Inspect and repair your stands and blinds before the season to ensure a safe, successful hunt
Examine and repair straps, buckles, chains and other stand hardware to be certain they’re safe. Photo by Bill Konway
If you plan to hunt this fall from tree stands or blinds that were left in the woods and elements since this past season, you need to get out there and do a pre-season check.
Say you left four or five sets hung in trees across a property. Reference them on an aerial map on your phone app, and make sure to visit each one. At each tree, with climbing harness fully engaged, check all straps and cam buckles (or similar connectors) on ladder sections or sticks as you ascend the tree toward the stand. When you’re up, carefully and thoroughly inspect the strap, buckle, chain, or cable that secures the platform to the tree. Step and stand connectors will weather and wear, and routine inspection is a must. Retighten or replace straps as needed, or better, do what I do. Each season, I add a brand-new ratchet tie-down to every one of my stands to ensure a double measure of safety.
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Check fabric or mesh stand seats, and replace them if they were gnawed by squirrels. Finally, spray all metal seat bolts and joints with a shot of WD-40 so they won’t squeak when you stand and push the seat back to shoot at a deer in a few weeks.
If anything about tree stand set doesn’t look or feel just right after your check, do not plan to hunt from that setup. Pull the set, and rehang a fresh one that feels safer and more comfortable.
TOWER AND BOX BLINDS
If you use elevated tower blinds, walk around each one, and check the wooden or metal legs and braces. High winds during winter or summer storms can sway the stands and loosen the legs or tie-downs. Resecure any loose legs or braces, or add more support struts or heavy-wire tie-downs if needed.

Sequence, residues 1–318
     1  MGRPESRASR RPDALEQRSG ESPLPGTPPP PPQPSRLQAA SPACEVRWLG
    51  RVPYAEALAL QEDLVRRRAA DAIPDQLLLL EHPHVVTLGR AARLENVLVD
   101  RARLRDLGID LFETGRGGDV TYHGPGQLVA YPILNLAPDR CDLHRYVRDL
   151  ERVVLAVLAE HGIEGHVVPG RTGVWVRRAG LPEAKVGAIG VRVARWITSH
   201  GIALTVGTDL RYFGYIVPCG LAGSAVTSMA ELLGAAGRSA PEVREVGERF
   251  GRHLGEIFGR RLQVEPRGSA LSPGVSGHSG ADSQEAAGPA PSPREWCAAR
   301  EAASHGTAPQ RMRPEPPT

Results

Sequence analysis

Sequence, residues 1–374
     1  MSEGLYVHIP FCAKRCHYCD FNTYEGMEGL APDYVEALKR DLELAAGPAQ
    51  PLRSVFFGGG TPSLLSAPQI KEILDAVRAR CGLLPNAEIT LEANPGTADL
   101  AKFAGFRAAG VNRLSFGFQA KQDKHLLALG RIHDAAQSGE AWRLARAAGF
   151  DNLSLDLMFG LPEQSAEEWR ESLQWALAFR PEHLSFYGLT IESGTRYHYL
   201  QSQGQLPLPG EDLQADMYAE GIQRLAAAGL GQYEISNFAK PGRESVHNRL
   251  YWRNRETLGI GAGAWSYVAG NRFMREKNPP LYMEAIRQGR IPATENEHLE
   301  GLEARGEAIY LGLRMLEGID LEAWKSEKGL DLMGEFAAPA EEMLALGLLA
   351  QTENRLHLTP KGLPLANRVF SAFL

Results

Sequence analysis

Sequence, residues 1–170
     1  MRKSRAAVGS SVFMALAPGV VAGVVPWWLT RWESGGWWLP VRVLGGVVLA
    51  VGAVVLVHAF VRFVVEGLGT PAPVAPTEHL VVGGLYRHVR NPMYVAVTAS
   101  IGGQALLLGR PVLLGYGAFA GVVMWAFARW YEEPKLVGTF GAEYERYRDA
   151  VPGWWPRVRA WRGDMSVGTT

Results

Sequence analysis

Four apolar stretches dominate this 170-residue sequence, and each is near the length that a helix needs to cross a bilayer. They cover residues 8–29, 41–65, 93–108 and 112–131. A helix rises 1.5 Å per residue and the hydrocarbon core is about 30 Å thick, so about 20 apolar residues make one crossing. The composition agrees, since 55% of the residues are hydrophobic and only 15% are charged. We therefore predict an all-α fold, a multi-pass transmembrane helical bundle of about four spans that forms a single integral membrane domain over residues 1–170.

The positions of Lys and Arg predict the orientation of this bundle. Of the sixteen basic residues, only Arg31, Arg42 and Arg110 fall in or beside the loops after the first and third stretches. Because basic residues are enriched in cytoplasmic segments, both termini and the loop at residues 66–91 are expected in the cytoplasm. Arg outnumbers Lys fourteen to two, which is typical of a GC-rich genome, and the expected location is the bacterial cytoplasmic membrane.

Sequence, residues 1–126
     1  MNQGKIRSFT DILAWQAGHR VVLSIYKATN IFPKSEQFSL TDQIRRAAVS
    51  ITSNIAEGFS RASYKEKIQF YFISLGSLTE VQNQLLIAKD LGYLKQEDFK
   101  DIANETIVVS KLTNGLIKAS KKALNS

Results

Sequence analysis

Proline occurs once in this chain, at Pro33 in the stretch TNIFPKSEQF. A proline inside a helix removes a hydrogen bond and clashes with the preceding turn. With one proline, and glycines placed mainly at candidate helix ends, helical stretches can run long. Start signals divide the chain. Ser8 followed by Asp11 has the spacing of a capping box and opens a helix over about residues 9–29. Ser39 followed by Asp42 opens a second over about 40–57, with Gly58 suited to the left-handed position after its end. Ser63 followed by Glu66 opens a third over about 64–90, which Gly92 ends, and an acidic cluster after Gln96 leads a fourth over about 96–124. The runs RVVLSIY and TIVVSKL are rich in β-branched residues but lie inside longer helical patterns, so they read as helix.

Hopefully, you remembered to lock all blind windows and doors on your last hunt of this past season. A few years ago, I forgot to close a window on one of my towers, and when I returned to check the stand seven months later in August, I got a rude surprise. Nasty turkey vultures had roosted in the blind for months. The box was painted white inside with liquid droppings and stunk to high heaven. It took me two weeks to air out, clean, and disinfect the stand.
If you secured all the windows, you shouldn’t have a bird problem, but you will encounter wasps, hornets or yellowjackets at some or most of your elevated or ground-level blinds. Carry plenty of bee spray, and have it ready to fire as you open each door. Check the top and bottom corners for bees’ nests, and douse any you see. I hate spiders, so I also carry spider spray and treat the insides of all my blinds.
Spray and remove all pests, and wipe clean the insides of your blinds. Fire a shot of WD-40 on metal window and door latches so they’ll open smoothly and quietly. Oil metal or swivel chairs so they won’t squeak. You’ll be ready to go when you come back to hunt in a couple of months.
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